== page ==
Origami Cupcake

Doll: Coloring in Progress

News, Works in Progress

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Edit: This work has been completed.
Follow each step in the  making of this work:  Linework ColoringShading and Highlights and Extra Details and Final Atmospheric Shading.

After you’ve got you linework picture perfect you can begin coloring. While this might sound difficult I make it easy by dividing the task into different steps. These steps correlate to separate layers in your image (this is a simplification; each layer is actually a group of multiple layers).

The basic process I work by is:

  1. Create your linework.
  2. Create a layer for the base color; this is the local color, or actual color of an object.
  3. Create a layer for shadows, depending on the lighting you will probably want another layer for very dark shadows as well.
  4. Create a layer for highlights.
  5. Create a layer for lighting and atmospheric effects. Finish off your image by tweaking colors, layer opacity etc until you’re satisfied.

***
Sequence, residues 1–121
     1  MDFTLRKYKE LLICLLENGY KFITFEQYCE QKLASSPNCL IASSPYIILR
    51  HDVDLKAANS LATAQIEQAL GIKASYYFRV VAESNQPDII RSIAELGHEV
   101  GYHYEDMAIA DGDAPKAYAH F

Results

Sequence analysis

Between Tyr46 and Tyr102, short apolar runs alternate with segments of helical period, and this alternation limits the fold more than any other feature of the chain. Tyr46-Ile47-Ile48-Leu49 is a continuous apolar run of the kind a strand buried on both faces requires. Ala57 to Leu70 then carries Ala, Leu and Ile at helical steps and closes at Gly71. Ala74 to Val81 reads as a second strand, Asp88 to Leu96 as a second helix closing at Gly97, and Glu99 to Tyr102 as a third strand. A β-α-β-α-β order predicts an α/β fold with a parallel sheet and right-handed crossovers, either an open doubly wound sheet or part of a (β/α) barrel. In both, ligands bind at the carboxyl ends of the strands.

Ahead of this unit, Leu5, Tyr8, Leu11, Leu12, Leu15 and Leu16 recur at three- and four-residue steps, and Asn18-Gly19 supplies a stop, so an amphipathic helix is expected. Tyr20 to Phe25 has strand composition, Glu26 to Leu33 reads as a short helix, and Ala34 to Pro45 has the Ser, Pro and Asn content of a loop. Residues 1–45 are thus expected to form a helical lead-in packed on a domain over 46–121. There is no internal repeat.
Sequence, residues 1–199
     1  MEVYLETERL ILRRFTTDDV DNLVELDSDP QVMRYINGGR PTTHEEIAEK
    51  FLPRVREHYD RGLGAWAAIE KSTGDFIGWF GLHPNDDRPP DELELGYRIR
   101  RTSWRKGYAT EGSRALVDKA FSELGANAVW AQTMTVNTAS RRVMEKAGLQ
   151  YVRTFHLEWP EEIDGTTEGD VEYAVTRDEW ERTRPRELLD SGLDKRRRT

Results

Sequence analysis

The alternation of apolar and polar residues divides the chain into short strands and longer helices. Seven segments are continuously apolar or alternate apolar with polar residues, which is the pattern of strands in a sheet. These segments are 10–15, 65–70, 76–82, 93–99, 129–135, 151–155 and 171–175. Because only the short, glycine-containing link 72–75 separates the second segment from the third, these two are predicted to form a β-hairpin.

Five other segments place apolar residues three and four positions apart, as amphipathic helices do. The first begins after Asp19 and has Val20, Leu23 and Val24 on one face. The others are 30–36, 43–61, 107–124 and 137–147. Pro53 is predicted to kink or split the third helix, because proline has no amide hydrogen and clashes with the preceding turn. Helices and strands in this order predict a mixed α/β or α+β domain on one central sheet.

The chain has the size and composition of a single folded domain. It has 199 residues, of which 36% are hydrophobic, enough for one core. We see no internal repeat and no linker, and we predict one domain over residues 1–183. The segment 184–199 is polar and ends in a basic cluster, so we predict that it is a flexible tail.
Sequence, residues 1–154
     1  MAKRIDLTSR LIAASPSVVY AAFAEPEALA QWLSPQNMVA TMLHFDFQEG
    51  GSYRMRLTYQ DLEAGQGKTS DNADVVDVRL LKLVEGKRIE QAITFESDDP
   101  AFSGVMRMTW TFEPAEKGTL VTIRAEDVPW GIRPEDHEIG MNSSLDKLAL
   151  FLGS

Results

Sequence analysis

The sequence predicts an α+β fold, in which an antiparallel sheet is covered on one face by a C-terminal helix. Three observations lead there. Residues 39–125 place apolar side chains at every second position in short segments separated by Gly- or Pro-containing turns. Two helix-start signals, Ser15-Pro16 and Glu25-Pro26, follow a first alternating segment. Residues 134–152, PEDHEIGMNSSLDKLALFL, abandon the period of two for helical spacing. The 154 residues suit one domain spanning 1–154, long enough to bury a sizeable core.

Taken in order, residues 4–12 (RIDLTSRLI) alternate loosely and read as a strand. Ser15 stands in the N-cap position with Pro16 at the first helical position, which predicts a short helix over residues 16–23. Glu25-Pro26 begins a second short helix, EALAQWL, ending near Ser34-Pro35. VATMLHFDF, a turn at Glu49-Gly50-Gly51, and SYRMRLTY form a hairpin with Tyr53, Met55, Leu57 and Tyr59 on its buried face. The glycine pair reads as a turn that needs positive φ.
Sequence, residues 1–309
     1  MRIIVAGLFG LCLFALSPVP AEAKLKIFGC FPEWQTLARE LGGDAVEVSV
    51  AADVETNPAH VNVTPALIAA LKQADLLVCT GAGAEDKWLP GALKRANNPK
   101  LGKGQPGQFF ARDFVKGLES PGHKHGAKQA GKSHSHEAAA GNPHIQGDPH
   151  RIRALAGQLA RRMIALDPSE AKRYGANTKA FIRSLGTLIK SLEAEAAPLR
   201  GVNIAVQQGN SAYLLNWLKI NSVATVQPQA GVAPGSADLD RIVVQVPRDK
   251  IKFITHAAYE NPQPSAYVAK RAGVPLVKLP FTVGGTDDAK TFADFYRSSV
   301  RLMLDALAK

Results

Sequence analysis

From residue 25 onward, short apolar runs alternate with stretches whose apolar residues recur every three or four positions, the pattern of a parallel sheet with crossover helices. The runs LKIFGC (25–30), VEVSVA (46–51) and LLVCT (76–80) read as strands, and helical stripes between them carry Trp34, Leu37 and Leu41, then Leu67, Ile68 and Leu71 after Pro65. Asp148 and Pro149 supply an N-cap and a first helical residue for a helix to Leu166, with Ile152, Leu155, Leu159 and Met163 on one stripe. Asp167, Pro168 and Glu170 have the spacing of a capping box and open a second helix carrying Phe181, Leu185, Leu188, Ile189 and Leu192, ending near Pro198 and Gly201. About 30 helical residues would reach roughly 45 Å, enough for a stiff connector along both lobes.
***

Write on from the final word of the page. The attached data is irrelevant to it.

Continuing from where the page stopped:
Everything after Step 1 can be considered “coloring”, depending on how you define it, since each of those steps individually don’t really produce anything. It’s only when you see all the layers on top of each other that you get that magical ‘Tada!” moment when you see the full effect.

So let’s get started on Step 2.

When I’m doing the rough work, I like to do a rough color sketch. Here I’m playing with the girl’s hair color:



My initial concept for this work was to have the scene set in a very girly looking boudoir. Which meant lots of pink. But I had difficulty deciding on a color scheme for the girl’s dress. Creams and pastels just seemed to fade into the background, and busy patterns were out for the same reason. After trying red and blue dresses, I finally decided on navy black. It contracts wonderfully with the other character’s white skin, and serves to anchor the image.


But I still wasn’t happy with that Barbie doll pink… I liked the idea of the curtain looking a bit like a stage curtain, which meant rich red velvet. And that darker color meant I had to use a darker palette for the entire image.

I also added a kimono falling off the figure’s shoulders. The kimono gives the image a shot of bright orange-red to contrast with the maroons and purples of the background, and along with the turquoise obi helps to balance out the image.

Now I begin with the neat coloring. Essentially you turn the linework inside out, to swap the negative and positive space.

Here’s an in depth explanation of the process, and this is the finished result:

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